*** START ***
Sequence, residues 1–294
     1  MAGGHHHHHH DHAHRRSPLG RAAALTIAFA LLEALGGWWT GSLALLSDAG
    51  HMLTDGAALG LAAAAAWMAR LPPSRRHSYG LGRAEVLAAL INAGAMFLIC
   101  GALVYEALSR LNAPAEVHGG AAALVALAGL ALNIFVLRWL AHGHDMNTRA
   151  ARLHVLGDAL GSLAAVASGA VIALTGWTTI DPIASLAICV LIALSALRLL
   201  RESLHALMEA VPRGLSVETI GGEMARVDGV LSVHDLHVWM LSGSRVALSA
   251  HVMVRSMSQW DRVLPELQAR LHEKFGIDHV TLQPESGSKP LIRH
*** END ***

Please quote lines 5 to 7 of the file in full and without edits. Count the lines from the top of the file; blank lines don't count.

   151  ARLHVLGDAL GSLAAVASGA VIALTGWTTI DPIASLAICV LIALSALRLL
   201  RESLHALMEA VPRGLSVETI GGEMARVDGV LSVHDLHVWM LSGSRVALSA
   251  HVMVRSMSQW DRVLPELQAR LHEKFGIDHV TLQPESGSKP LIRH